Some of us took French for years in school but it doesn’t necessarily prepare you for a visit to La Belle Province.
Here are 17 signs. I will give the translation at the end of the post.
“Paris ne s’est pas fait en un jour!” ― (Paris was not made in a day!)
I used to live in this area as a teenager so had fun remembering my French. Unfortunately in the 60s and 70s the English and French did not mix very much and I remember three schools, one for English Protestants, one for English-speaking Catholics and one for the French-speaking Catholics. I learnt my French in the classroom and did not use it a lot, much to my regret years later.
Thanks for the memories Miles.
Well, it’s pretty bad. I made the correct decision not to stay/live/work/go to university in Montreal! And I took it in high school, along with an extra class of it. But I didn’t use it enough, so it “died on the vine”, so to speak (or not).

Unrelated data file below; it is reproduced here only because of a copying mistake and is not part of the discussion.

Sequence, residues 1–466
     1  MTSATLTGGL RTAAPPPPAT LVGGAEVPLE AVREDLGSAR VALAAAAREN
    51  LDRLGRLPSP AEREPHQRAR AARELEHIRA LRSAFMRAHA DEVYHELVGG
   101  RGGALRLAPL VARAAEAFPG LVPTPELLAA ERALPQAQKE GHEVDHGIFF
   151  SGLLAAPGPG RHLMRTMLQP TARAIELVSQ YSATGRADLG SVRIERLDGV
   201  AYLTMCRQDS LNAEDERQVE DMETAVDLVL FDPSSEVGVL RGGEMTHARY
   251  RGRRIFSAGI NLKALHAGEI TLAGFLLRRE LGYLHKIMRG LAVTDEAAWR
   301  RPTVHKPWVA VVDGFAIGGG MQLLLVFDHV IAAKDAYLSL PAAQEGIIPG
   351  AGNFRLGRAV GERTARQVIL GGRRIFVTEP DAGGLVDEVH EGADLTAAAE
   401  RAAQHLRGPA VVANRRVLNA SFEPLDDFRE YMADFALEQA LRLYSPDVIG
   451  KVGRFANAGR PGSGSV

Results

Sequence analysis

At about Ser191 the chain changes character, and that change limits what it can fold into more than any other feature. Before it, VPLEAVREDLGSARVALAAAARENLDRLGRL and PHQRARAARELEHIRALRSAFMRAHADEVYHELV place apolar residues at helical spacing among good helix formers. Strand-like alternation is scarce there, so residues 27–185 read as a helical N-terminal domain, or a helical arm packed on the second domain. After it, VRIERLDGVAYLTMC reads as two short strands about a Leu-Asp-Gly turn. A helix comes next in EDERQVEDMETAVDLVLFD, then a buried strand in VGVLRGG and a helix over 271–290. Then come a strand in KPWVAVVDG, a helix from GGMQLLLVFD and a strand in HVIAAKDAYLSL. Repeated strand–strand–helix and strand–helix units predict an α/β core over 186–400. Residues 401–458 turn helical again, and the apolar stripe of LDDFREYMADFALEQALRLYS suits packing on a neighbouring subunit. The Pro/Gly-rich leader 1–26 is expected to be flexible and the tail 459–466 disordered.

I can recognize the odd word here and there, but that’s about it. I certainly can’t speak it or read it significantly. This sure reminds me of this! It is fun, though, but a touch sad when I think of all the effort I put into my French classes. Well, I can say the same for math, with even greater assurance! One can’t be good at everything, and I don’t have an aptitude for languages. If I spoke and read Hebrew well at one time, it was because I was a child of six to 10 years old, living in Israel and going to school there. I acquired it as children do. I certainly didn’t retain it once we left and it wasn’t kept up. Now, if I can learn some bird songs–if I can wear a hearing aid(s) with a mask (I will have to tape it/them to my ear)–I guess I’ll be happy enough. Thanks, Miles!